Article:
Championed by Mr Armani and Milan Fashion Week’s newest golden girl, Italo-Haitian designer Stella Jean’s fashion philosophy is as ethical as it is cool. Writing for Emirates Woman, she tells us how Europe/Africa, masculine/feminine and style/soul can live happily ever after.
“My goal is to make ‘ethical’ a way of thinking that comes before a way of acting. There’s an increasing awareness that a retrograde approach is proper, inevitable and necessary. People today are curious and, importantly, want to understand their clothing. There’s a balance that wasn’t there before – something I like to think comes across in both the aesthetic and philosophy of my work.
I’ve materialised my personal experience, mixing my Italian father’s striped shirt – representing my European heritage – with a wax design motif to symbolise my mother’s native Haiti. It’s my personal, authentic story and a manifestation of how my two worlds live together side by side – almost in an embrace. It wasn’t simple, nor painless to tread my professional path – growing up in a multi-racial family in Eighties Italy shaped me personally but it was hard to find an identity. Fashion enabled me to find a place where both of these cultures could co-exist. This weak point then became both a strength and a fresh start.
My African roots not only serve as inspiration, but Haiti is also a place I turn to for craft. It began when my mentor Simonetta Gianfelici introduced me to Simone Cipriani, the UN official in charge of the International Trade Centre Ethical Fashion Project. He helped me discover a treasure trove of craftsmanship and a part of the world still somewhat unknown to me. The project is all about creating luxury handiwork that is produced 100 per cent ethically by disadvantaged communities, generating work and an infrastructure where fashion business can develop. It’s an accountable way of acting – environmentally sound, promoting sustainable economic development and opportunities in countries that don’t need our charity – just our teamwork.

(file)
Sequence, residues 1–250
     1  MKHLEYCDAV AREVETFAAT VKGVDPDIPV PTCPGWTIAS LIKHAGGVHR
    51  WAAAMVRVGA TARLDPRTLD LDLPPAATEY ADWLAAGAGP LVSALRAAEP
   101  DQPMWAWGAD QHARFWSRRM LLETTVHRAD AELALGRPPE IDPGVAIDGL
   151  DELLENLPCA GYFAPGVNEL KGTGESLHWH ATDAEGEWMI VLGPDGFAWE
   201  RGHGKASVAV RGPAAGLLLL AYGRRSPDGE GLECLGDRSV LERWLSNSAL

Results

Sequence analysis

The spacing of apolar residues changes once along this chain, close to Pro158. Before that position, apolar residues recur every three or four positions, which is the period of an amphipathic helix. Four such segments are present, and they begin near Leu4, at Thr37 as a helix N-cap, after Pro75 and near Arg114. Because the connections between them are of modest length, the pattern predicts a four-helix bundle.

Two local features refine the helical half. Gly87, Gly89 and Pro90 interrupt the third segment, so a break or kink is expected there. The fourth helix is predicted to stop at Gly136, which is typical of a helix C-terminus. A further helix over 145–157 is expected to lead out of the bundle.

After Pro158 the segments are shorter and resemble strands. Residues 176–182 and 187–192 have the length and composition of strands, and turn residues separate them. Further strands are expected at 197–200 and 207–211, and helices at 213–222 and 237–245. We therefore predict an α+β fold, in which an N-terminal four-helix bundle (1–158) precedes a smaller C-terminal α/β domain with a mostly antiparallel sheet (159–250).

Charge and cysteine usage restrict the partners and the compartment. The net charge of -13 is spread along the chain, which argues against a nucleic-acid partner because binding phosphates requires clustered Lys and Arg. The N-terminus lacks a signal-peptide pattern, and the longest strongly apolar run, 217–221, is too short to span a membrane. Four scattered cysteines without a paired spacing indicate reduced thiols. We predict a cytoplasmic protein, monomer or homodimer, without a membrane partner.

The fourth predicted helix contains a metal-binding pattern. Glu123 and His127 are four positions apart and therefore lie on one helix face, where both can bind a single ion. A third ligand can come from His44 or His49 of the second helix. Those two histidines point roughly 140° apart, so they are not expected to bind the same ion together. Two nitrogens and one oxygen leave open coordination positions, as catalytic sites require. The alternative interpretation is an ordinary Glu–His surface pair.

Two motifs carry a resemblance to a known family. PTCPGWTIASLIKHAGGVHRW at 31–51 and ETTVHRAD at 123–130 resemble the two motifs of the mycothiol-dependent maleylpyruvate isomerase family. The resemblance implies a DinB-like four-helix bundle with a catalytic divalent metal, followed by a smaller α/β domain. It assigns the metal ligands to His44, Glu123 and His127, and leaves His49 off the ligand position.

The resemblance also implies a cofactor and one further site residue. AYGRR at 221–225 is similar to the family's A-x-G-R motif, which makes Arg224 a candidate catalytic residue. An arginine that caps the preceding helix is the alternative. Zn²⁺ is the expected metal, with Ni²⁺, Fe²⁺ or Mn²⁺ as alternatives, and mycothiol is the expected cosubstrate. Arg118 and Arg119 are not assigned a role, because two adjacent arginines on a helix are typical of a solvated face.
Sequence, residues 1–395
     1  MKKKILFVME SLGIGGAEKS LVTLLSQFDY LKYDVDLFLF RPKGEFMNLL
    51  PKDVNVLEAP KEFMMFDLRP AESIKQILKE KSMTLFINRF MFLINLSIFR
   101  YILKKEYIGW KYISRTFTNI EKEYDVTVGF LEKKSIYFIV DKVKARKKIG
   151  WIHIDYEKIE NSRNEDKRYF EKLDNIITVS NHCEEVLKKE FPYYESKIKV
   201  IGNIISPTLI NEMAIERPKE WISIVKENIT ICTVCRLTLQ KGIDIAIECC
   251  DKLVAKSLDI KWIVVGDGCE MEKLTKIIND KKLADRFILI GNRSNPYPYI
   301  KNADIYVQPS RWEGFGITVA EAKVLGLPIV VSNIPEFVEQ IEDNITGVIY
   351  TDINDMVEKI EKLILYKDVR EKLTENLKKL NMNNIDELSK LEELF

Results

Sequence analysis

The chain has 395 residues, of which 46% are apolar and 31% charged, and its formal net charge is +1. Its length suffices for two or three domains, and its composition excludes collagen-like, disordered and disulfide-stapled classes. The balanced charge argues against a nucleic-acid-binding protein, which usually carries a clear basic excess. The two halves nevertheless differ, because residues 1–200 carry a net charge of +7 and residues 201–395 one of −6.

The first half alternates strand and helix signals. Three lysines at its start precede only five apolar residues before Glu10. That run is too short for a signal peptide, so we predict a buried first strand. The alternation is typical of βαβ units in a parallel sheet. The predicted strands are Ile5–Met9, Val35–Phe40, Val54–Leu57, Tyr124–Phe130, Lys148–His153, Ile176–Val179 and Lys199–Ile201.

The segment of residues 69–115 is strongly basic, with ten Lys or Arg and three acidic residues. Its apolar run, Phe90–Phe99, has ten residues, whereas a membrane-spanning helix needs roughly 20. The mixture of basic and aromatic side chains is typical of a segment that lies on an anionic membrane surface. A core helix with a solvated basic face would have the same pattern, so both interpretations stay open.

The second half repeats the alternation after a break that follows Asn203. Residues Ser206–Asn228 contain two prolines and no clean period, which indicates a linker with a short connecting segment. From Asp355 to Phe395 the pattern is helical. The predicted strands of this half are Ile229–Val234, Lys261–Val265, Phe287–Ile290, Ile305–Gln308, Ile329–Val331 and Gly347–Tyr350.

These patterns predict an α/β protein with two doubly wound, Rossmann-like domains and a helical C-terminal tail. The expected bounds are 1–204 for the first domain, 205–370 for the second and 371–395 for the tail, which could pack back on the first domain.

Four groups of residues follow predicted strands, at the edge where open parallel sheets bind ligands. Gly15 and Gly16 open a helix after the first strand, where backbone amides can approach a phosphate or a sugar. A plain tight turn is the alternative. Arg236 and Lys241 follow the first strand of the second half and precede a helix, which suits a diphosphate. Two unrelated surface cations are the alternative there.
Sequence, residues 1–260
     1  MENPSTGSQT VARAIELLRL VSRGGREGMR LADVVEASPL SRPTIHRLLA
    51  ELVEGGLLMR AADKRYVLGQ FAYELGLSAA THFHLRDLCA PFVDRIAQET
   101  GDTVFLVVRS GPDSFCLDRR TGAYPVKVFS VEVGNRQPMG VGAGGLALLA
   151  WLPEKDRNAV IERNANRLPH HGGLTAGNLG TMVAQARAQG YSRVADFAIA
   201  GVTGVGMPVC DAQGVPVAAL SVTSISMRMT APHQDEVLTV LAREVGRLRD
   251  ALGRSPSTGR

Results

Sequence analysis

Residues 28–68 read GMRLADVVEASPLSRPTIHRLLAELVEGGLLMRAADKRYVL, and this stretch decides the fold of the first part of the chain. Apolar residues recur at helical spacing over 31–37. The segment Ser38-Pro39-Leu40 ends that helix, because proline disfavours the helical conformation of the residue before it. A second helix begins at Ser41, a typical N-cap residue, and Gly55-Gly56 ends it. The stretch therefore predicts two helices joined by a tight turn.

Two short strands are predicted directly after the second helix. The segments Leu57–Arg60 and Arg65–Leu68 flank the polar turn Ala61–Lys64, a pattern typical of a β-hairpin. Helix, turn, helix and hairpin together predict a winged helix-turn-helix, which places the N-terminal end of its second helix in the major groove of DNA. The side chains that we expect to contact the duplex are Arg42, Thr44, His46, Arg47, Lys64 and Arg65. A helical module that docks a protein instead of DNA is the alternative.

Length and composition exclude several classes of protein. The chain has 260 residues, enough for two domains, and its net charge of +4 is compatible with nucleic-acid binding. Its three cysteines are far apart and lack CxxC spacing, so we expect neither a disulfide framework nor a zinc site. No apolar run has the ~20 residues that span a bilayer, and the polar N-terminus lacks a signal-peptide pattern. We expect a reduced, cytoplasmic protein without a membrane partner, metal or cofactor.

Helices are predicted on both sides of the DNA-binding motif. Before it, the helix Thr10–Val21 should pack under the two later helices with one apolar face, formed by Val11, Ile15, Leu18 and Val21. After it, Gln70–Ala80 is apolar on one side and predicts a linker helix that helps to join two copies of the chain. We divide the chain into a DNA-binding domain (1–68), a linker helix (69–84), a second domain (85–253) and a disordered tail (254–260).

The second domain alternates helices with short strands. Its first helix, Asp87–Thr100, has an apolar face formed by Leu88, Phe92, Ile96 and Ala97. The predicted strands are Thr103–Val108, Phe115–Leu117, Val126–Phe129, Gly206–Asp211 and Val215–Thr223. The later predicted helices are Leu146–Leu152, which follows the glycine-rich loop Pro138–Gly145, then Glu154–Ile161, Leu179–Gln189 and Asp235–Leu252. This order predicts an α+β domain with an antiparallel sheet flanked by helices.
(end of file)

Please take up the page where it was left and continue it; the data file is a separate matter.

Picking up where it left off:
I design products directly with the local artisans and each time is a one-of-a-kind experience. I visited Croix-des-Bouquets where they specialised in metalwork, using discarded oil drums to hammer into sheets, cut, paint and shape into accessories like my Tap Tap bangles. We also met a group of old ladies making patchwork tapestries, as well as master papier-mâché artisans and a cow horn group. They work from a narrow workshop in downtown Port-au-Prince and shape, carve and polish horn (a by-product from local abattoirs) – we used their bangles for spring/summer 2015.
I think if we can mix elements of an outfit from different cultures, we can absolutely embrace this juxtaposition in real life. It might not be quick, or easy, but as Arancha Gonzalez, Executive Director of the ITC said in her speech at the UN, you cannot change what you do not know, but once you understand it, you cannot be exempt from changing it.”
Stella Jean available at Harvey Nichols-Dubai